Cruise retailer Harding+ will phase out Virgin Voyages between April and July this year in a bid to cut losses after a difficult start for the British cruise line. LVMH-owned Starboard Cruise Services will take Harding’s place later this year.
The move comes just as Virgin Voyages is set to add two more ships to its current fleet of two and the situation will be disappointing for both parties, who have been partners for six years.
When billionaire entrepreneur Richard Branson first announced in 2014 that he was entering the cruise business with Virgin Voyages, excitement was high. The Virgin brand is synonymous with originality and creative flair, and the new line was intended to shake up a somewhat predictable and serious cruise business.
Unfortunately for Virgin Voyages, the Covid-19 pandemic has come at the worst possible time, as has their first ship, which has a capacity of 2,700 scarlet lady, was ready to launch in March 2020. The debut was canceled and the ship only made its maiden voyage in August 2021.
True to form, Branson brought novelty and an edge to the offering. Some of the line’s firsts at sea included: adults-only ocean vacations (for hip travelers 18+), banning the traditional buffet, daring cabaret performances, and an all-inclusive price at more than 20 restaurants, gratuities, Wi-Fi, essential drinks, and more group fitness classes.
From a retail perspective, the same rules of unconventionality applied. Harding began planning back in 2017 to mark the cool cruise customer Virgin Voyages wanted to attract. Scarlet Lady had a limited edition record shop on board, the first MAC Cosmetics store at sea, as well as a karaoke studio and products by the late punk fashion icon Vivienne Westwood.
In line with Branson’s sustainability aspirations, Virgin Voyages also insisted on purpose-driven brands and Harding+ secured a range of ethically sourced labels. For example, the trendy sunglasses from Coral Eyewear made from recycled sea plastic and the hand-woven hammocks from Yellow Leaf, which are on every balcony of the Sea Terrace and are also sold on board.
time for difficult decisions
Sally Barford, Associate VP, Hotel Partnerships at Virgin Voyages, said: “We have enjoyed an incredible partnership with Harding+ and their team, but together we have decided it is time for both brands to explore the next steps.”
Harding CEO James Prescott added that while it’s been “great fun” to lead the cruise retail offering, it also requires “making some tough decisions about what’s right for the company.” In Harding’s case, it appears that its key private equity backer couldn’t wait any longer for returns that were initially blown out of the water due to the pandemic. Prescott added: “We wish everyone at Virgin Voyages the very best and will be working hard to redeploy the members of the Harding+ team who have been part of the Virgin ship teams.”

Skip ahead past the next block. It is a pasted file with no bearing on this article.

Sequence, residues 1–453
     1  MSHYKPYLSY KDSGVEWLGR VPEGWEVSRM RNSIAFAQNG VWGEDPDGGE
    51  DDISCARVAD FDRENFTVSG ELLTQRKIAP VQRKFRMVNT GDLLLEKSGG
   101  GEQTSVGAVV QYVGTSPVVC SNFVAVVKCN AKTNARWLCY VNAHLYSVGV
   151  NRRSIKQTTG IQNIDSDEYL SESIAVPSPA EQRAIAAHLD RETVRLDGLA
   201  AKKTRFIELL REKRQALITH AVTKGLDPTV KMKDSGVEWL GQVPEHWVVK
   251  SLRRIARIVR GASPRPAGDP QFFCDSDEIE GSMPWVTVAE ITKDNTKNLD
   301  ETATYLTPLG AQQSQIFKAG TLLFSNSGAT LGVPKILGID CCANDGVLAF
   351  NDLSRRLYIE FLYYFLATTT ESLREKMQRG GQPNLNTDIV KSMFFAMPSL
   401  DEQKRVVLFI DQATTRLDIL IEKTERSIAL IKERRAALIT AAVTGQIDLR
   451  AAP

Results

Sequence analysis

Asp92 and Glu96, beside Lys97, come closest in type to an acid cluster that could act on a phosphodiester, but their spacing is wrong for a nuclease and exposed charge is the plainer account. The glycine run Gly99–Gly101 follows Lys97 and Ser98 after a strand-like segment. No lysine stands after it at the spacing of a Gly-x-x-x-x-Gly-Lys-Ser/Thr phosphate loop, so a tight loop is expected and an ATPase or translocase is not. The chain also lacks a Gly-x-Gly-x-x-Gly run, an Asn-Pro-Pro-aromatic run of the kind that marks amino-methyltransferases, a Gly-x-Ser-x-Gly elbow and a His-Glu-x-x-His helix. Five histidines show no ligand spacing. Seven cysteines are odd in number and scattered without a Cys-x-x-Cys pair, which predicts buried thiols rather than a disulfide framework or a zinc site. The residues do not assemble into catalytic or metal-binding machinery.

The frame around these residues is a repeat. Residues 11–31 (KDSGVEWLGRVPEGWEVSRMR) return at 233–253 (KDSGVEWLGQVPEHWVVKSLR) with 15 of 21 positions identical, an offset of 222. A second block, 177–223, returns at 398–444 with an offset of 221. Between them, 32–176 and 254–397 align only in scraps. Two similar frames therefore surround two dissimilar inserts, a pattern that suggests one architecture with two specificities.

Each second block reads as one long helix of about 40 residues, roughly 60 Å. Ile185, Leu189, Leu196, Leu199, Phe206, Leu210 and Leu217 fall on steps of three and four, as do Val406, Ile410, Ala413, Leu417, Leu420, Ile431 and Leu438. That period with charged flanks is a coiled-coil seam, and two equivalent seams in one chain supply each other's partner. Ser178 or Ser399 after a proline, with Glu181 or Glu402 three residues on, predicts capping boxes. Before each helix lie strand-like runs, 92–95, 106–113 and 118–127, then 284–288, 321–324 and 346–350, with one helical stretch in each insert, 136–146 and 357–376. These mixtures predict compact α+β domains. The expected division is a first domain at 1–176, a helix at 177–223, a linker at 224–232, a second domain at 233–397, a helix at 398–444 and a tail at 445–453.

Harding’s decision to leave comes after a six-year partnership that has not yielded the financial fruits either side expected. A source familiar with the business told me the cruise trader was “bleeding money” even though two ships were now in operation –Scarlet Lady and Brave lady. It seems the retailer couldn’t wait for the next two ships to go live: Resistant lady will be inaugurated in Athens, Greece in May Brilliant lady will start later this year.
The source said: “Virgin Voyages’ occupancy rate has been very low over the last 18 months and certainly not enough for an onboard retailer to make money. Harding+ hasn’t reported back for several years, so it’s not surprising that the company pulled out.” Neither Harding nor the cruise line disclosed the terms of their deal.
Virgin Voyages — a private company whose investors include Virgin Group, Bain Capital Private Equity and others (most recently BlackRock with a $500 million cash injection) — did not disclose its occupancy rates when asked. A spokesperson told me: “Demand continues to grow and we have just celebrated another record week in bookings. Occupancy continues to increase and we expect a healthy and strong fourth quarter.”
A limited audience
Occupancy rates at other, more conventional cruise lines are rising fast, and several, like Norwegian Cruise Line and Royal Caribbean, have predicted they will return to historic levels this summer or sooner, no doubt helped by offers and incentives. Virgin’s expensive adult-only positioning and somewhat alternative offering – making it unique and distinctive in a buoyant market – could hamper it now that the target audience is limited and therefore could weigh on business.
Virgin Voyages will now be working with cruise retailer Starboard Cruise Services, a very experienced luxury brand supplier, as might be expected when it is part of LVMH stable Moët Hennessy Louis Vuitton, which has just announced record sales. However, Starboard doesn’t have the whimsicality or humor that Branson’s brands are known for, so this will make for an interesting pairing. Starboard made no official statement about its new partnership.
In the meantime, Harding+ will turn its attention to 13 other ships on which it will launch as a commercial partner. The UK-headquartered company currently operates around 300 stores on more than 100 cruise ships operated by over 20 cruise partners and claims to be the number one operator in the industry in terms of operator size.